Dyslexia Tutoring in Savannah

Orton-Gillingham Method

Why has it been called the "Gold Standard" for teaching the dyslexic student?

1. Orton-Gillingham is an approach, not a method. This means that it is flexible and focuses on the needs of the individual student. While the tutor carefully constructs each lesson in advance, he/she is able to make appropriate changes in the moment when needed. This is called diagnostic teaching. This requires a highly trained experienced practitioner who has mastered both the theory and the practice of Orton-Gillingham. A method, on the other hand, 1) uses the same pre-packaged lessons for all students, 2) all students begin at the same point and 3) they must all proceed at the same pace.

2. Orton-Gillingham is truly multi-sensory, in that both the visual, the auditory and the kinesthetic-tactile pathways of learning are used simultaneously.

3. Another distinctive feature of the Orton-Gillingham Approach is that reading, spelling and written language are taught simultaneously. It is not only a reading approach.

4. Orton-Gillingham is structured, meaning that the structure of the language is taught and that each lesson is carefully crafted using the same lesson segments each time and the same processes in teaching the student to the point of automaticity.

5. Orton-Gillingham is sequential, meaning that the language is taught from the simple to the more challenging; from the concrete to the abstract; from short, regular forms to longer and irregular forms.

6. Orton-Gillingham directly teaches phonics - the alphabetic symbol-to-sound and sound-to-symbol relationships.

7. Orton-Gillingham teaches the logic of the language; it is 85% regular for reading and spelling when one knows the rules and patterns. Only 15% of the language is irregular or non-phonetic. These words must be memorized for both reading and spelling in a logical sequence, using an appropriate multi-sensory process.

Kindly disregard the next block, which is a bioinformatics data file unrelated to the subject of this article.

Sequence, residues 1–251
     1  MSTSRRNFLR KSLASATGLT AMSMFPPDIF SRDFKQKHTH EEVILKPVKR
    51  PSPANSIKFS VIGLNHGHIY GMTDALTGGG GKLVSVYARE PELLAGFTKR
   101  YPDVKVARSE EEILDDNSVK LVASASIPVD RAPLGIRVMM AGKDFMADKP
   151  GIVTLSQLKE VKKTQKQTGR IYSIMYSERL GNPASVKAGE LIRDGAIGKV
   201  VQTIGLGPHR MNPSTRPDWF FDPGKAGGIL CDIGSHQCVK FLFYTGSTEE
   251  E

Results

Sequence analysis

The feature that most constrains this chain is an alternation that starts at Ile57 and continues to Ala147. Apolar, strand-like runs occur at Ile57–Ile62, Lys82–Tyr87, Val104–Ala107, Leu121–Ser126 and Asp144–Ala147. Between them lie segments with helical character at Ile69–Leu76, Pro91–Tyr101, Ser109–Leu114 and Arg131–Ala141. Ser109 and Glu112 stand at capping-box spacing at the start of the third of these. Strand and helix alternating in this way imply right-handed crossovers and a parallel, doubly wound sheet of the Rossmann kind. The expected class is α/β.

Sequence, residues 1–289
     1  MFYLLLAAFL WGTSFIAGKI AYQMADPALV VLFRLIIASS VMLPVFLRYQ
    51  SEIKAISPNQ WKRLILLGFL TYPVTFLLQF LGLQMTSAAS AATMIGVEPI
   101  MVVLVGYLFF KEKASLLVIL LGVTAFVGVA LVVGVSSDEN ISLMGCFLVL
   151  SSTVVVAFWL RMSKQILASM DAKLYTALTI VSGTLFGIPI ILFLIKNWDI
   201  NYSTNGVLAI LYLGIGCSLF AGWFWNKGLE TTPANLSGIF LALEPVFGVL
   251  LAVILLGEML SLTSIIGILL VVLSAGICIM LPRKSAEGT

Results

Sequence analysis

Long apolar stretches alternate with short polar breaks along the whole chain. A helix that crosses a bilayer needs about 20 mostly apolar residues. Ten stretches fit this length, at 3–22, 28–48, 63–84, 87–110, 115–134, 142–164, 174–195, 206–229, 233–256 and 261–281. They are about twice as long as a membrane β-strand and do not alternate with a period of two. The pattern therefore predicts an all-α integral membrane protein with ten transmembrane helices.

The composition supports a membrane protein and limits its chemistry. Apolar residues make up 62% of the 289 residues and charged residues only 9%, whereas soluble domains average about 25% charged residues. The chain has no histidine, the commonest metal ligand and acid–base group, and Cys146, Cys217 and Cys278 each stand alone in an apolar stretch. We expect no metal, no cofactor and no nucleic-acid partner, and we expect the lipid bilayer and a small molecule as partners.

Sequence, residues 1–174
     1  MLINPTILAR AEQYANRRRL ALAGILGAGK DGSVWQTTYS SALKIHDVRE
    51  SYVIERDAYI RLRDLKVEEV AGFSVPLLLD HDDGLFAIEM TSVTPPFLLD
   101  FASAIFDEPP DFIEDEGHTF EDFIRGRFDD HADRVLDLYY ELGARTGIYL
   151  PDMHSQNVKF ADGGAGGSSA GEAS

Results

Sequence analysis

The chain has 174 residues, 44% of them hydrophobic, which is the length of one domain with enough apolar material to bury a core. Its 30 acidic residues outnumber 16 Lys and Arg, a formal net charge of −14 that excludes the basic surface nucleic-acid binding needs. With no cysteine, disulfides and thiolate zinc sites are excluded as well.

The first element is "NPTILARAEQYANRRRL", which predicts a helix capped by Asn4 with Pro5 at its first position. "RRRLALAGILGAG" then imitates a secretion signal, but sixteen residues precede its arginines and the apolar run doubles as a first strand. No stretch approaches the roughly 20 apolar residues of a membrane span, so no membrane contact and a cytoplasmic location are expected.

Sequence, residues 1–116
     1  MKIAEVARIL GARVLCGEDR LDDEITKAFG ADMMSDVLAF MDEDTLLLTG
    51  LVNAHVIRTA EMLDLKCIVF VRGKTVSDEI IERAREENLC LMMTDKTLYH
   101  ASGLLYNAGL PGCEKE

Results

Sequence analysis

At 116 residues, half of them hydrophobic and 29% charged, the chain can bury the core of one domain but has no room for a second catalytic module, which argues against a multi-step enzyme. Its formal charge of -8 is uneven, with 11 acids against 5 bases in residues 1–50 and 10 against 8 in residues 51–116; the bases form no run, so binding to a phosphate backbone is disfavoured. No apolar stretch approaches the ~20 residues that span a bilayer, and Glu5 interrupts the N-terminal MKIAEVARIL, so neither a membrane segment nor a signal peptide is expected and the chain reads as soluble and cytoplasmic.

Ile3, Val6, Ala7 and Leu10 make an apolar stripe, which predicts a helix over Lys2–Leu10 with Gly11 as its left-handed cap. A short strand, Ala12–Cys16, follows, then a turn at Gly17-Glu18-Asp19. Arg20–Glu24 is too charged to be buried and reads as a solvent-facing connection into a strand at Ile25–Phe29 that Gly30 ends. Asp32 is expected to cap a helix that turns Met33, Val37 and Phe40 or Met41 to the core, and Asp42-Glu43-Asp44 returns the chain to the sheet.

8. Orton-Gillingham teaches for mastery. A careful sequence is followed. New learning is connected with prior learning. Much practice is incorporated and the student is taken at his/her own pace to the point of mastery, or life-long learning.

9. The Orton-Gillingham Approach was developed by the neurologist, Dr. Samuel Torrey Orton and, later, his colleague, educator Anna Gillingham, specifically for the dyslexic student. It has withstood the test of time, having been successfully used with thousands of dyslexic students for more than 70 years. In recent years this multi-sensory structured language approach has been independently validated by modern research using Positron Emission Tomography (PET scans) and functional Magnetic Resonance Imaging (MRI), as well as studies by the National Institutes of Health at Haskins Laboratory at Yale University and at 17 other universities.

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